The IOC has taken another step to make the anti-doping system more independent

 

The IOC has taken another step to make the anti-doping system more independent
as the Executive Board agreed to delegate the decisions on alleged anti-doping rule violations during the Olympic Games to an independent body. A new Anti-doping Division of the Court of Arbitration for Sport (CAS) will handle cases from the Olympic Games 2016 onwards.

“This is a major step forward to make doping testing independent, following the decision of the IOC Executive Board three months ago after the proposal of the Olympic Summit. It represents support for the IOC’s zero tolerance policy in the fight against doping and in the protection of the clean athletes,” IOC President Thomas Bach said.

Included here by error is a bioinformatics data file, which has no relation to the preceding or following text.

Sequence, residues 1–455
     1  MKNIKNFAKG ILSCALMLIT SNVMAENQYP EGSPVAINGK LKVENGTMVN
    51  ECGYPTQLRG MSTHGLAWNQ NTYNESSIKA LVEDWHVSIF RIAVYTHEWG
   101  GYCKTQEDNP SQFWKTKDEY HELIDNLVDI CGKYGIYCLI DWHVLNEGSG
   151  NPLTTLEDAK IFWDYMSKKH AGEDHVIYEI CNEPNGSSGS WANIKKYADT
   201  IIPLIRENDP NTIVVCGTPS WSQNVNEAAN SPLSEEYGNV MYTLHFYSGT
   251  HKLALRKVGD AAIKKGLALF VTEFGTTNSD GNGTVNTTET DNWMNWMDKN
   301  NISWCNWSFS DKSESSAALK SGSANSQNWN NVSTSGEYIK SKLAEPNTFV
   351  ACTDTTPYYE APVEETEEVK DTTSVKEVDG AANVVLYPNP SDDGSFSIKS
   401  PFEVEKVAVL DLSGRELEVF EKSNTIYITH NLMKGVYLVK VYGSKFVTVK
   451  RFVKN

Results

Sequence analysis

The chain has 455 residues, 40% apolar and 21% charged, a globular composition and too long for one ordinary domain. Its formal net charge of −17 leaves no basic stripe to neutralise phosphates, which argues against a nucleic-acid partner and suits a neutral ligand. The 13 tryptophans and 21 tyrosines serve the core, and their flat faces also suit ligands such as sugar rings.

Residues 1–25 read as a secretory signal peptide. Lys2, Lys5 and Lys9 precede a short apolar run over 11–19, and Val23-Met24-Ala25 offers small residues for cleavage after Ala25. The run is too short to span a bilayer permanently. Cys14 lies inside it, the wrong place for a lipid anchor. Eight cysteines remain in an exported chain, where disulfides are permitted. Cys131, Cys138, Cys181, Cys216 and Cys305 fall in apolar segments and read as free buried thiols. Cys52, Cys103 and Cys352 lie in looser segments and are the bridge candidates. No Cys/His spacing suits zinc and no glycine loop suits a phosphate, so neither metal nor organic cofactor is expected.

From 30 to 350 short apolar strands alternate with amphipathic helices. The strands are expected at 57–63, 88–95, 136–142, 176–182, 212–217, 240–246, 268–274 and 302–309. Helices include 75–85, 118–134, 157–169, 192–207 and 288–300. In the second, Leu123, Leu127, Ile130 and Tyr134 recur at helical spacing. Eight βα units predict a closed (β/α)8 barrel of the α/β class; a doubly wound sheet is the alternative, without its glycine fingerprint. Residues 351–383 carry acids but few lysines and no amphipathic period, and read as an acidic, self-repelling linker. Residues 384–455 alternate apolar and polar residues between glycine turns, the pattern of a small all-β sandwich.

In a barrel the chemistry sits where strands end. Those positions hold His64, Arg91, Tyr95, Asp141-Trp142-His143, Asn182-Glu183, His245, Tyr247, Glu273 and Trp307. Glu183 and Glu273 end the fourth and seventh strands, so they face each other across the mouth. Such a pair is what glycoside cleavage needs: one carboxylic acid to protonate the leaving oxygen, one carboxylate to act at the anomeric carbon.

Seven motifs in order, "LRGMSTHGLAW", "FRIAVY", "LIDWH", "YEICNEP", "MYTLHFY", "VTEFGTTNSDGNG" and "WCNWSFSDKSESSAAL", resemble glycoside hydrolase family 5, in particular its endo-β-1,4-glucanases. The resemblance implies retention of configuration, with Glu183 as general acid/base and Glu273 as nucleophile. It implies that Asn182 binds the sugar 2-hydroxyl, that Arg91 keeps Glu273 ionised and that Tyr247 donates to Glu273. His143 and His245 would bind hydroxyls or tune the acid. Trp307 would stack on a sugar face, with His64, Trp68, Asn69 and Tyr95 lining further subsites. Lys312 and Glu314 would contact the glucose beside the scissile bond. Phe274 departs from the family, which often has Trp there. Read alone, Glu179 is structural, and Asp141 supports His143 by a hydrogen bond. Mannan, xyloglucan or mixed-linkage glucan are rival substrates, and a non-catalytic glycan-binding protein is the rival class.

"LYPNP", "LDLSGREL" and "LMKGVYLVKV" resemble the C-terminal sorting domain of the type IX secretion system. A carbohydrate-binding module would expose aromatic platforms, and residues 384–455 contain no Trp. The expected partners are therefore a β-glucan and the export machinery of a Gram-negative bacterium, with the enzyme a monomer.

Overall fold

A new CAS Anti-doping Division will handle cases already starting with the Olympic Games Rio de Janeiro 2016. The CAS authority will replace the IOC Disciplinary Commission to hear and decide on doping cases at the Olympic Games, as well as the subsequent re-analysis of samples taken at the Games. The move comes as part of the Olympic Agenda 2020 reforms, and follows the Resolution of the Fourth Olympic Summit to make anti-doping testing independent of sports organisations.

This story first appeared in the blog, The Sport Intern. The editor is Karl-Heinz Huba of Lorsch, Germany. He can be reached at ISMG@aol.com. The article is reprinted here with permission of Huba.

 

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